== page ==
A mini-version is available on You Tube here- http://youtu.be/laVr6jIItrA
Those who follow VLM and may want to check it out, I had the opportunity to appear on CTV's Canada A.M. a couple of times over the past week or so. I was invited on to discuss the lockout, and then the new CBA agreement and how fans might feel about the return of NHL hockey. Those interested could check it out here (if the link still works!):
I imagine Leaf fans are split over the rather sudden dismissal of Brian Burke on Wednesday. Many have applauded his efforts to re-build the team and stock the “system” with assets. The claim can be made that the cupboard was empty when he arrived and that Burke now leaves his right-hand man and successor, Dave Nonis, with lots to work with.
That is a point for discussion—and perhaps even some debate. It can certainly be argued that the Leafs are better off than they were when Ferguson Jr. was fired. But a lot better? Is that view based on point totals? Results? Playoff wins?
I’ve appreciated Burke’s efforts in the community and his support of causes that he believed in and he did so with passion. But in hockey terms, a case can be made that the firing makes sense—though the timing is certainly a tad peculiar. (How many NHL teams would fire their GM days before a shortened NHL season was about to begin, and replace him with a guy who essentially shares the exact same vision? MLSE lives in a very different world, indeed…)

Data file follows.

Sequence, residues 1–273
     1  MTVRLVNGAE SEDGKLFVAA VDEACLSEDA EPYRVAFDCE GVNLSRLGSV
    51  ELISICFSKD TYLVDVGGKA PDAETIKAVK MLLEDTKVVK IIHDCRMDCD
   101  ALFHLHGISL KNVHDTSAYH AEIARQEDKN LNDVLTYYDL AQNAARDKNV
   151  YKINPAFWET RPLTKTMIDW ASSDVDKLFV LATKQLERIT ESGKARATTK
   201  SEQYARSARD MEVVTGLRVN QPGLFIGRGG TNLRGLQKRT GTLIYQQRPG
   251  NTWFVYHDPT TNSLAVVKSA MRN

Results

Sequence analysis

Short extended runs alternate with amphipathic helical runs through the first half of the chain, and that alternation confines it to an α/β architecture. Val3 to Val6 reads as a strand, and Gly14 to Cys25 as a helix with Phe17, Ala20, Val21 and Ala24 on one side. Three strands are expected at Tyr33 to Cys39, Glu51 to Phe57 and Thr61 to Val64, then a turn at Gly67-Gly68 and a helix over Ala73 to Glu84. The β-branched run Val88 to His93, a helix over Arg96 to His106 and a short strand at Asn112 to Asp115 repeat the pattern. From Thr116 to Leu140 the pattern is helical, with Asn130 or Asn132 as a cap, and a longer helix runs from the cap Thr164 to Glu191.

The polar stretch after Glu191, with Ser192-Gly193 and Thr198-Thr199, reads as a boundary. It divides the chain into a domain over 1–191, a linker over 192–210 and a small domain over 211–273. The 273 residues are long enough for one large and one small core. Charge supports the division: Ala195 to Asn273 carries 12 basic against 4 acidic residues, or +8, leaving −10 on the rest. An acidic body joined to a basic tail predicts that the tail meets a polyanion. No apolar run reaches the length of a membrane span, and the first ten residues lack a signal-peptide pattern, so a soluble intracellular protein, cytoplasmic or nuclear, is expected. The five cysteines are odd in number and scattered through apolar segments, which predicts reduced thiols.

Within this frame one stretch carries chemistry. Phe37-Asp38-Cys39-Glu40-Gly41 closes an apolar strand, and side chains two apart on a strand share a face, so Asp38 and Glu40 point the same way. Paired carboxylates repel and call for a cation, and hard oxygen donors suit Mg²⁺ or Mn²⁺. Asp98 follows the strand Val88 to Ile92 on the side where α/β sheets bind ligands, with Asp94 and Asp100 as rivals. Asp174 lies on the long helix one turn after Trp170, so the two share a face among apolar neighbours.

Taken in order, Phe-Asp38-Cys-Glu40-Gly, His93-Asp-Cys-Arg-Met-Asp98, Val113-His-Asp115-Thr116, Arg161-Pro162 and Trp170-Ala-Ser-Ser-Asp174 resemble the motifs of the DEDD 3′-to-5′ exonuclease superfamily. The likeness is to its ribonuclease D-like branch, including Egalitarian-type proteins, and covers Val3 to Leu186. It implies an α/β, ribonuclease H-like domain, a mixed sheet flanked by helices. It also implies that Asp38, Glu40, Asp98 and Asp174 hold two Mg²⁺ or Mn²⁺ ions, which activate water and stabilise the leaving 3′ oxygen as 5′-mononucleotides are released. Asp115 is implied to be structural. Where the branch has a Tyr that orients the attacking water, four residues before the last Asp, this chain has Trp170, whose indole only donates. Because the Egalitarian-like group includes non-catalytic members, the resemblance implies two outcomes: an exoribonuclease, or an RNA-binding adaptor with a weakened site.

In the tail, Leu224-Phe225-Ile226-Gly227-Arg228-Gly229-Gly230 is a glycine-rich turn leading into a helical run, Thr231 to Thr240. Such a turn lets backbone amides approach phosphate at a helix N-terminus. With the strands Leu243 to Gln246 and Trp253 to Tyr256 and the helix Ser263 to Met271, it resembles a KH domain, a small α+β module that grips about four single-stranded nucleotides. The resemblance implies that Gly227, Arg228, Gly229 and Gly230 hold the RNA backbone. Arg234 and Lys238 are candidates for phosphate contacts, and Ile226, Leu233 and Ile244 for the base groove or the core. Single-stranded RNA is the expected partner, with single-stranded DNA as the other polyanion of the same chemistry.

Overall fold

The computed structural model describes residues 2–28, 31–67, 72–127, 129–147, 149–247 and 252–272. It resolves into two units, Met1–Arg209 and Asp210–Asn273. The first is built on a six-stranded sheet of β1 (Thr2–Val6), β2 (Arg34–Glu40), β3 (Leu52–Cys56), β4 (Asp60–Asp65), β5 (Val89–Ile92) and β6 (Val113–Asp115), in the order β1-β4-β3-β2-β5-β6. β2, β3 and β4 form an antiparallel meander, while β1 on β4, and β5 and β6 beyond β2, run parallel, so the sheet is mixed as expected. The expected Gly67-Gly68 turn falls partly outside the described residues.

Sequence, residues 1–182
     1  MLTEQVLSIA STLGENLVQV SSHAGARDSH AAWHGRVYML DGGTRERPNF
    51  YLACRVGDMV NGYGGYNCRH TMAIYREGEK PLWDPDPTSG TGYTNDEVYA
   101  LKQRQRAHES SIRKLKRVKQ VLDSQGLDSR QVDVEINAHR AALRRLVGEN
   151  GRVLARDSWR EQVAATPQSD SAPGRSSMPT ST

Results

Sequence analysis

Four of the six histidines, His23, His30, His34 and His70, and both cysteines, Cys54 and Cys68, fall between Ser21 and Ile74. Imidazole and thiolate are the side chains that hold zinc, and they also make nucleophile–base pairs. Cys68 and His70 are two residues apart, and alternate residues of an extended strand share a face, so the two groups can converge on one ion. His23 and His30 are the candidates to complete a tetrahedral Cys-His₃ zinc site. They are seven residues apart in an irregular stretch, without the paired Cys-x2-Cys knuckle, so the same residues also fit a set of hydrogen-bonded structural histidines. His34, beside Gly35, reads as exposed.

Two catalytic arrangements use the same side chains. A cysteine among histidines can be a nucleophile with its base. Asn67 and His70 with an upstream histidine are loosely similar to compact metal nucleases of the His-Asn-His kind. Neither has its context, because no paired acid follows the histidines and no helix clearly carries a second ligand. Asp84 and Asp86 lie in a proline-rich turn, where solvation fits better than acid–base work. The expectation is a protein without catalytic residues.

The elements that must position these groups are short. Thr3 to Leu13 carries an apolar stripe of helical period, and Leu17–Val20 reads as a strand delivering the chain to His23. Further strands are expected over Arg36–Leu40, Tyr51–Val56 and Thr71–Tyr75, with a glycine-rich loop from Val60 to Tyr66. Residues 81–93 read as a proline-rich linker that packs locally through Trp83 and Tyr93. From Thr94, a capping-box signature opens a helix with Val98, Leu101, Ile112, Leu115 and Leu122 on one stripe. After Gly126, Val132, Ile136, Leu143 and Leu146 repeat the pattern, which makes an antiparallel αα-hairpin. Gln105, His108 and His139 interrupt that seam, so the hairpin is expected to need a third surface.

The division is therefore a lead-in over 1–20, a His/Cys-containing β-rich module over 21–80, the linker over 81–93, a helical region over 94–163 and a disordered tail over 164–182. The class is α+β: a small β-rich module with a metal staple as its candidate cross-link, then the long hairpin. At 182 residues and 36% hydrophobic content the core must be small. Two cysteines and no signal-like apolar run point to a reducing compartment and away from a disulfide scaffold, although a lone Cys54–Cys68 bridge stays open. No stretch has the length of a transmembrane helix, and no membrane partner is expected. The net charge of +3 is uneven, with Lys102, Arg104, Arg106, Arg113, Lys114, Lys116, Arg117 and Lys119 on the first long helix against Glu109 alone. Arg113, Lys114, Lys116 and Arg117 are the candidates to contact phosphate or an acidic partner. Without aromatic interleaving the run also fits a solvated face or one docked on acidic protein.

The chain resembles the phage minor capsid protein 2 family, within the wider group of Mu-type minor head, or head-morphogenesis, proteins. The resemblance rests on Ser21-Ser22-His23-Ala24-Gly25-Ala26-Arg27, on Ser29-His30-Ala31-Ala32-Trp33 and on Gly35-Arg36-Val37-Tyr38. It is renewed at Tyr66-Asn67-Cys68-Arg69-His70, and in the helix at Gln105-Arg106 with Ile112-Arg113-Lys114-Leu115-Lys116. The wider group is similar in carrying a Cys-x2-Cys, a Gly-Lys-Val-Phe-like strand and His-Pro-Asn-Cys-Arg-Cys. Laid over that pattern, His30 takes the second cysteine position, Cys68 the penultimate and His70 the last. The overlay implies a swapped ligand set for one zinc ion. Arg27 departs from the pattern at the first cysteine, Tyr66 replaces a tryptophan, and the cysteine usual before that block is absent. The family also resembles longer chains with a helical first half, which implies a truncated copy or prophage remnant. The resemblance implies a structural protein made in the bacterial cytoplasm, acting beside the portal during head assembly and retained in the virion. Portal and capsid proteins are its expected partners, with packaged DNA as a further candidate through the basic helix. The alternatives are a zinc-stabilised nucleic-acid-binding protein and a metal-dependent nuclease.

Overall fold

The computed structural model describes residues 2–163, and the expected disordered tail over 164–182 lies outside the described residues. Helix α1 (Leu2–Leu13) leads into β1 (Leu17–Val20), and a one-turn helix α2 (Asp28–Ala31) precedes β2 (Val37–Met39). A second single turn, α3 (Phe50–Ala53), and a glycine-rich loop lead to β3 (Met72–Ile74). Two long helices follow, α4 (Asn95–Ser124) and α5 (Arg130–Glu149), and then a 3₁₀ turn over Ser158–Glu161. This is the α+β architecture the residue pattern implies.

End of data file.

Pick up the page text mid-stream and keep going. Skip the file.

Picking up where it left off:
I don’t know what happened that triggered what seems to be the unexpected dismissal of the long-time hockey executive. I won’t even try to guess. But if we want to analyze the “fairness” of the move, (is “correctness a better term?), there is much fodder for review based on his body of work over the past four years in Toronto. On the basis of his actions as GM alone, here are some things that may have been considered by the new Leaf ownership:
- Now four plus years into his time here, the team had a grand total of zero playoff appearances.
- Burke came in saying over and again that he “had no patience for a five-year rebuild” and into his fifth year, the team is still not a strong roster- with uncertain goaltender, no real team toughness, no stud defensemen and no front-line center.